Like Solomon with his sons, God wants to give humanity wisdom to use the knowledge we have been given in ways that will be beneficial to people.  Like Solomon, we have to commit ourselves to educating our children to be self-sufficient and wise.  Not an easy task.

Sunday, September 8, 2019

Look to the Future

Look to the Future
Isaiah 43:16-19
            Name any important figure in history and you can be sure multiple groups with widely varying agendas will try to claim him/her as their own.  It’s natural, I guess.  Whatever our outlook we want to have important people as our representatives, or as representatives of our ideology.
            This is truer of Jesus Christ than any other person in history, at least partly because so much is at stake.  If we can tout Jesus as a spokesman for our point of view, people will have to give us a hearing.
            White supremacists want to make America a white Christian nation, implicitly claiming that Jesus is a white supremacist.  Interesting interpretation.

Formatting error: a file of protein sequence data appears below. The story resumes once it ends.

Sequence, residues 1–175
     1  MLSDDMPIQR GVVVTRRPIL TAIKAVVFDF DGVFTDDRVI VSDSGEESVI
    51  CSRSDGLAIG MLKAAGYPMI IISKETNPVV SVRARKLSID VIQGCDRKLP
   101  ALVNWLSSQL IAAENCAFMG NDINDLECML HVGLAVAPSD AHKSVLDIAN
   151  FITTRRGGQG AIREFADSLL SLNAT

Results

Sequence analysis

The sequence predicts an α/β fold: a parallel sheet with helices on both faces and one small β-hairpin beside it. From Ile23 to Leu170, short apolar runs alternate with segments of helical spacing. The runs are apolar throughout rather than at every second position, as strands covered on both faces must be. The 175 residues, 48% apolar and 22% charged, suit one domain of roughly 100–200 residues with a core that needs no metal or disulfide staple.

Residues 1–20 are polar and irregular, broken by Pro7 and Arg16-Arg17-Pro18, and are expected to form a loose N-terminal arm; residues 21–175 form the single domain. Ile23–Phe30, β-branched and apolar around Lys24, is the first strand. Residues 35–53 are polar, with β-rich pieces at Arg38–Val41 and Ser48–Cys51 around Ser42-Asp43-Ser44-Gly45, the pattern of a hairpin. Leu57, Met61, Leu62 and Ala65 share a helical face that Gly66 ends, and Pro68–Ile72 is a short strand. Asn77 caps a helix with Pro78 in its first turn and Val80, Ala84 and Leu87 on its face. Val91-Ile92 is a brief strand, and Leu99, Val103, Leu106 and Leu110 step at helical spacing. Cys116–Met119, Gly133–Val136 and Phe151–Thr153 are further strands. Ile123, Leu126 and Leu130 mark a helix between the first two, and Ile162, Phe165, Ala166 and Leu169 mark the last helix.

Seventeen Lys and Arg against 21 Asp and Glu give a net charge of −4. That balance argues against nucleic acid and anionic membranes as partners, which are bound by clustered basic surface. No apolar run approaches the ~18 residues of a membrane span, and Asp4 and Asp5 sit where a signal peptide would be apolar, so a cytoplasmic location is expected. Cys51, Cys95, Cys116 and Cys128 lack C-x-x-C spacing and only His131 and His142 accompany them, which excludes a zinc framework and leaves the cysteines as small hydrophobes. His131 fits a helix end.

Most minorities claim that Jesus is on their side, and that he supports their claim to equality.
            Conservatives believe Jesus supports their worldview, preaching that we must adopt what they believe are first-century Christian practices, or some other ideology anchored in the past.
            Liberals point to Jesus’ support of the disenfranchised, the poor, the suffering, the homeless to validate their view that society must make a priority of caring for these.
            Radicals point to Jesus’ message, which opposed the religious and political leaders of his day, and his willingness to suffer torture and death for his beliefs.
            So…who is right?  Is Jesus a conservative?  A liberal? A radical? One who favors one group or race over another?  Does he stand for complete equality?  Where will we find Jesus?
            I believe Jesus is neither a conservative nor a liberal.  I do not believe he supports, or can be made to support any political or social agenda.  Jesus stands outside all of those, outside all human constructs of politics, religion, social structures.